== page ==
Jules Patisserie : Jules' croissant has all the characteristics of a great croissant. Strong butter flavor, excellent exterior crispness that holds up and shatters when you take a bite, excellent layering, a nice yellow and soft interior, wonderful pull and baked to a nice brownish color. Some people may find it too buttery or greasy, but I'm not complaining. Hands down the best in the city. Grade: A+
La Bamboche : La Bamboche's croissants had okay layering, lacked a bit more exterior crunch, and had a relatively bready interior. Honestly, I was a bit disappointed with their product given their reputation. Grade : B
Thobors : Thobor's croissants have a relatively soft, whitish interior, a mild butter flavor and medium flakiness. Quite expensive relative to the others. Really not worth it. Grade : B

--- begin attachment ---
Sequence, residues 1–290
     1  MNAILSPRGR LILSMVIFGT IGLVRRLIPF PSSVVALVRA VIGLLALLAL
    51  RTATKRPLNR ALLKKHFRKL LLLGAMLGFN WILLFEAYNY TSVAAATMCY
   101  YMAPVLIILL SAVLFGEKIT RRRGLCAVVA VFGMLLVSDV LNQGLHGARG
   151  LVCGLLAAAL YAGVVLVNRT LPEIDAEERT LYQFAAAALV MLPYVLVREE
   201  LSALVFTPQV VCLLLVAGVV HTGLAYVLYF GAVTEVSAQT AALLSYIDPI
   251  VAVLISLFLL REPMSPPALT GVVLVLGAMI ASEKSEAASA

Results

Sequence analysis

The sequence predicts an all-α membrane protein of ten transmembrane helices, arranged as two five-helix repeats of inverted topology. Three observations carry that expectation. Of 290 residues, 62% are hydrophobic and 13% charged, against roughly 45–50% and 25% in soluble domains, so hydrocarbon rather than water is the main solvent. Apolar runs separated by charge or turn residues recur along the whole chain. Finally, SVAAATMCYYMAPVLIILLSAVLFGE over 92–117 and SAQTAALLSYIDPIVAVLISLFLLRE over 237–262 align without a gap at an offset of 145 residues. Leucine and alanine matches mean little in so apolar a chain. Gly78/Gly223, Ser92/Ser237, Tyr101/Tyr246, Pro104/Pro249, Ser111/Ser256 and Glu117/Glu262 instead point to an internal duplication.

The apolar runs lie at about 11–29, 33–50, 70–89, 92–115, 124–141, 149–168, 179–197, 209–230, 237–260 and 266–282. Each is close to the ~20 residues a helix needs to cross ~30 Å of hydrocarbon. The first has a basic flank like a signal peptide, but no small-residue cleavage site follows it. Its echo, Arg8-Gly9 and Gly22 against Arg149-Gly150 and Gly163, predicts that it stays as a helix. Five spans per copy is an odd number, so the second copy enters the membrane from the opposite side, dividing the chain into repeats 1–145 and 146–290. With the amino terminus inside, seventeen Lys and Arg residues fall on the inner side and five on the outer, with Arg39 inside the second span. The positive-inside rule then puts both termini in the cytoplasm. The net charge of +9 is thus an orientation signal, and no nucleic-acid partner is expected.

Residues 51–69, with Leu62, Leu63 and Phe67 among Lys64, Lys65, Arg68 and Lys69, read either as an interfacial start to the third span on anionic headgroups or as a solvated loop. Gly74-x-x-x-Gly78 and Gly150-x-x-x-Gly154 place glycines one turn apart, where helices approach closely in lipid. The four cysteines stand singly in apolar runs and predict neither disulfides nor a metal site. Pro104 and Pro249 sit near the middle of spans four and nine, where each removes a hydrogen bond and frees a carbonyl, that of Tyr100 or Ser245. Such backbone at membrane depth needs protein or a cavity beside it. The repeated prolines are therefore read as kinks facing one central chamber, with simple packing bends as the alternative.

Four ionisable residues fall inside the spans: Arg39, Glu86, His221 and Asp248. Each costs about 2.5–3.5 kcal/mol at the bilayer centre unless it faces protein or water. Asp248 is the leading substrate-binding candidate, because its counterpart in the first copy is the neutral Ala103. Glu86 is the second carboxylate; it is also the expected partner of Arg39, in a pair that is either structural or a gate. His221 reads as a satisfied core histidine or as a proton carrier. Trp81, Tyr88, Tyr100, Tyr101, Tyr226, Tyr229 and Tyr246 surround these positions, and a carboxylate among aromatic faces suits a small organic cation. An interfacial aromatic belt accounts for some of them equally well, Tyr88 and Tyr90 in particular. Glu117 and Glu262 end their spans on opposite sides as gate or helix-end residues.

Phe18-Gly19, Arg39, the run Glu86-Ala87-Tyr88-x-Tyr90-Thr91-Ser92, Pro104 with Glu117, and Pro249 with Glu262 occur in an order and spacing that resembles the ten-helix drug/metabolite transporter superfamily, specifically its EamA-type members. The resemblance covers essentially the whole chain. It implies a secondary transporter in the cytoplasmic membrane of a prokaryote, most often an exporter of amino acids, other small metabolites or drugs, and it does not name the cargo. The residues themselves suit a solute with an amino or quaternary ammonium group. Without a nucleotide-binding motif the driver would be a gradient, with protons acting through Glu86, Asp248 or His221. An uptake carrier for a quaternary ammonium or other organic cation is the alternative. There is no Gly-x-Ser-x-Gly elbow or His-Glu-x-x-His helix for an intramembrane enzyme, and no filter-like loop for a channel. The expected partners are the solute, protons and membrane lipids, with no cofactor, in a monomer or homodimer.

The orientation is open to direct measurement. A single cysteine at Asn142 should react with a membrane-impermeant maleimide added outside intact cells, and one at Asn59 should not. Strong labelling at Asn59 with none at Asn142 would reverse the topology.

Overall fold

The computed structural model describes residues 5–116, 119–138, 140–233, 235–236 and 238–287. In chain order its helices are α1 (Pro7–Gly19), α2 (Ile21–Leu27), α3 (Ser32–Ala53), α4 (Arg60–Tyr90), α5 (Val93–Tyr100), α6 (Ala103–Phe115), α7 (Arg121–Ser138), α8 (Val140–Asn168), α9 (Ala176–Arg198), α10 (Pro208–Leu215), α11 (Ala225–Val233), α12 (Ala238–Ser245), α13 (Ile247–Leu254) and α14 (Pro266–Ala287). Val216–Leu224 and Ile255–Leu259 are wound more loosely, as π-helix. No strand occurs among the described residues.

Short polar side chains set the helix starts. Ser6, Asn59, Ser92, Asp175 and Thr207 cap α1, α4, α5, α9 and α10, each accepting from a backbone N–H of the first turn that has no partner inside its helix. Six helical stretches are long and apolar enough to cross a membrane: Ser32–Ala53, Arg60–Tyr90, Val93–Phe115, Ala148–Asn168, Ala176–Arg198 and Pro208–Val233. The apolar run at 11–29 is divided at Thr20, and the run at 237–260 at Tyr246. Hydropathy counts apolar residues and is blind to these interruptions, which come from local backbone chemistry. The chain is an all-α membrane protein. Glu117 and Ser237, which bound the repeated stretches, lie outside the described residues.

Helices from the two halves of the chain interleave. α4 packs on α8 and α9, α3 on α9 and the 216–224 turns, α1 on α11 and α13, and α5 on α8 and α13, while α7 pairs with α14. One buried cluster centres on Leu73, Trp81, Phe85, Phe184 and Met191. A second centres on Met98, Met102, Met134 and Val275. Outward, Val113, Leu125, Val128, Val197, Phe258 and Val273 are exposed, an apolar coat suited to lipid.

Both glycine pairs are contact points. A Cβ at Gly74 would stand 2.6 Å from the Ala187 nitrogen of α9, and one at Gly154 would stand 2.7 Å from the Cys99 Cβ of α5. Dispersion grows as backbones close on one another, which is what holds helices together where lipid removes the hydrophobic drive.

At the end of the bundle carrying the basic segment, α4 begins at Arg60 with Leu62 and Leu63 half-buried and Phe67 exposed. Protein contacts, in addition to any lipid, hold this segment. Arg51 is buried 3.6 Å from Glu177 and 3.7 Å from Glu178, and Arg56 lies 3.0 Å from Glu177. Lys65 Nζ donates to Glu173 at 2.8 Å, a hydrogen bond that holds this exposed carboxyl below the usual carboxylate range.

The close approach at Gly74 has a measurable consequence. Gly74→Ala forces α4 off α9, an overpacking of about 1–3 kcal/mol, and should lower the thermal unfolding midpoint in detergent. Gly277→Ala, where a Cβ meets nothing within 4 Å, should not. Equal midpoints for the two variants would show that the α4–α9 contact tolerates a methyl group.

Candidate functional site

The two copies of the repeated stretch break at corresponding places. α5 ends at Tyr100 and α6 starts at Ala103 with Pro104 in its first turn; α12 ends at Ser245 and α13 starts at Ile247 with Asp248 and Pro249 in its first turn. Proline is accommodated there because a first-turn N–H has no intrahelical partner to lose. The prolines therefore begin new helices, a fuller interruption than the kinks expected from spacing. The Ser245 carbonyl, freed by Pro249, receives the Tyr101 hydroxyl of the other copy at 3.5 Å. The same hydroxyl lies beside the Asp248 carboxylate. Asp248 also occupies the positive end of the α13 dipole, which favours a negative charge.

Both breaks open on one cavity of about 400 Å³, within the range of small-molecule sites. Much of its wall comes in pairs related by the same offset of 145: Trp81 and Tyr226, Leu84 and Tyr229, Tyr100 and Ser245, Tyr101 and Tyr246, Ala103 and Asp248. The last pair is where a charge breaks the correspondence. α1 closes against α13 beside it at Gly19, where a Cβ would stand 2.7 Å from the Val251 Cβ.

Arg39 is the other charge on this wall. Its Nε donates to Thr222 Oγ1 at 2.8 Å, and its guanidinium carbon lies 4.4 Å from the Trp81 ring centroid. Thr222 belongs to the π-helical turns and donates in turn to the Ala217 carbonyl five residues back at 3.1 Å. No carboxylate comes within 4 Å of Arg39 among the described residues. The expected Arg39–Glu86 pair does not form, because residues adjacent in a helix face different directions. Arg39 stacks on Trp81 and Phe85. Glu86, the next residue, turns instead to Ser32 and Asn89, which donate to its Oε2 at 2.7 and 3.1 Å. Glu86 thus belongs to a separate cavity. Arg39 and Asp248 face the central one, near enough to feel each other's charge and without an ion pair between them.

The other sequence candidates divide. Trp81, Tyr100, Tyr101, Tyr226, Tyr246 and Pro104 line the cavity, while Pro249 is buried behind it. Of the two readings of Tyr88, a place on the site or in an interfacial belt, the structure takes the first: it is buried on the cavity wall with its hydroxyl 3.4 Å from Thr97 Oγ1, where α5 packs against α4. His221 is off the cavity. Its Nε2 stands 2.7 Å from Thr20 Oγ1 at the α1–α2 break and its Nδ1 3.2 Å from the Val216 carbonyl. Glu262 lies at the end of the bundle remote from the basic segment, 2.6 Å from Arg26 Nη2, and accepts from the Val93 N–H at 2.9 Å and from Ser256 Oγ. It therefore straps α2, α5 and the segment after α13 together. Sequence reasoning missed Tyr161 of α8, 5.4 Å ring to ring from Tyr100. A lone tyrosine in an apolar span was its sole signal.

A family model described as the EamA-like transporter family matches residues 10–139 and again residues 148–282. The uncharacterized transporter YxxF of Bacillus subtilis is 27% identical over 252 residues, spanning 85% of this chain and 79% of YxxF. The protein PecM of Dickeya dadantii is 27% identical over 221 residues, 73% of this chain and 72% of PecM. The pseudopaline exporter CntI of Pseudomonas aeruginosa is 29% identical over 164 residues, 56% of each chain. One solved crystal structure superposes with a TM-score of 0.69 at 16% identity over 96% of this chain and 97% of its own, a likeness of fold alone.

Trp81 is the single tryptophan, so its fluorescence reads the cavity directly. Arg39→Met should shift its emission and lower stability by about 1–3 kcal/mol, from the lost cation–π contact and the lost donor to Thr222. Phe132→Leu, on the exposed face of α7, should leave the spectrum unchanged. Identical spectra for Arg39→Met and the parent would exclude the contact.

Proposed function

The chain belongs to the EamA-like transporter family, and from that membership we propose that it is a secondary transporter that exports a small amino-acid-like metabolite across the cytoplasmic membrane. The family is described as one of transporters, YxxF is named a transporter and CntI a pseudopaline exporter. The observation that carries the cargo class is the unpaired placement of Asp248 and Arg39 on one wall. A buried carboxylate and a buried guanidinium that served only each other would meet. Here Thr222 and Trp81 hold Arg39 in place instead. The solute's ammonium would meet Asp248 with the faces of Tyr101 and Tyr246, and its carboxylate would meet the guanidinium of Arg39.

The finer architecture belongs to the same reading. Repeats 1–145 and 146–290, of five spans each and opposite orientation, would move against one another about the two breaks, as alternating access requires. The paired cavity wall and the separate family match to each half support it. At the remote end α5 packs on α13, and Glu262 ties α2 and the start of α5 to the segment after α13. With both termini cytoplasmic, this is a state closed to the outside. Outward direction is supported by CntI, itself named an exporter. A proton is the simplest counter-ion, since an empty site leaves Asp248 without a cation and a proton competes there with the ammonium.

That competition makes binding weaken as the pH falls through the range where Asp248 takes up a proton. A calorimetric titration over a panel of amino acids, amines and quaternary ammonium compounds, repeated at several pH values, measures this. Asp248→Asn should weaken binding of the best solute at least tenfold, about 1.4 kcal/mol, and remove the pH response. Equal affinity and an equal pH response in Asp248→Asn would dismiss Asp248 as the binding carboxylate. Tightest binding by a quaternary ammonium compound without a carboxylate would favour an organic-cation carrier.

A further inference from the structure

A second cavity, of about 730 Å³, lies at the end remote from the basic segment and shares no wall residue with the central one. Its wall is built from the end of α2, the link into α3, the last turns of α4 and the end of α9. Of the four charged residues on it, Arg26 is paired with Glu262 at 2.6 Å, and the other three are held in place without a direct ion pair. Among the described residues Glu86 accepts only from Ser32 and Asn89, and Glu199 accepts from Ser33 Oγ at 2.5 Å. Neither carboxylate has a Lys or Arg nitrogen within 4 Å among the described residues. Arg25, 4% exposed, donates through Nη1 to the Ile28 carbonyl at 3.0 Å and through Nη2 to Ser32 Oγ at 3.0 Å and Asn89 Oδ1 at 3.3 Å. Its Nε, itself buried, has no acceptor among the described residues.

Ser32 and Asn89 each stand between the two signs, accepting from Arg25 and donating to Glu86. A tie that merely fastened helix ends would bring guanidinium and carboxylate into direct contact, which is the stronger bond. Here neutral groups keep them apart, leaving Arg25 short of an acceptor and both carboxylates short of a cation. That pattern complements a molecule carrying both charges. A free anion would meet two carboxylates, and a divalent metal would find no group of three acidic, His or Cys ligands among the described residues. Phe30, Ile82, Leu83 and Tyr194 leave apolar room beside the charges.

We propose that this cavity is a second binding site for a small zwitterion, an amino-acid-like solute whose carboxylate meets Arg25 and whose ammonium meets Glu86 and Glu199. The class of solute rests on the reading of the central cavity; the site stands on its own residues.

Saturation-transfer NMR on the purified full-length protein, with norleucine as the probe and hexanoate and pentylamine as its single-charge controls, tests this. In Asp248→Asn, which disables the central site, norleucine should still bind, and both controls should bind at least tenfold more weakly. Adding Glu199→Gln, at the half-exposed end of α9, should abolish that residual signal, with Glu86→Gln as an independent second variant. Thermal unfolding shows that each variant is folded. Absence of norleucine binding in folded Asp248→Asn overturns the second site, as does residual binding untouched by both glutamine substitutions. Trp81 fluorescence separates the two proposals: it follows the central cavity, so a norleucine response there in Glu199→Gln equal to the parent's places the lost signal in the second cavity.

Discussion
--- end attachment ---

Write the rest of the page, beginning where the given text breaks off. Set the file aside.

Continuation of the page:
Petite Thuet : Petite Thuet's croissant were one of the bigger ones of the bunch. Excellent layering, with medium crispness. Relatively dry interior and a mild butter flavor. Grade: B
Pain Perdu: Pain Perdu's heralded croissants had good layering but had a dry, rather hard exterior. They obviously don't like using much egg wash. The interior was dry and had a medium butter flavor. They bake to a nice brown color which results in a bit of a nutty flavor undertone. Grade: B
Patachou : Patachou's croissants had a mild butter flavor, a soft interior, but lacked a bit more layering and more exterior crispness. Grade: B
Overall, it's a toss up between Patisserie D'Or of Oakville, and Jules Patisserie of Mt. Pleasant, Toronto. I would happily eat either one. The rest, apart from Nadege and Brick Street, unfortunately were quite forgettable. Those in the city have many optons, with Jules the undisputed leader. Those in GTA West need not venture into the city for great croissants since Patisserie D'Or is in the area.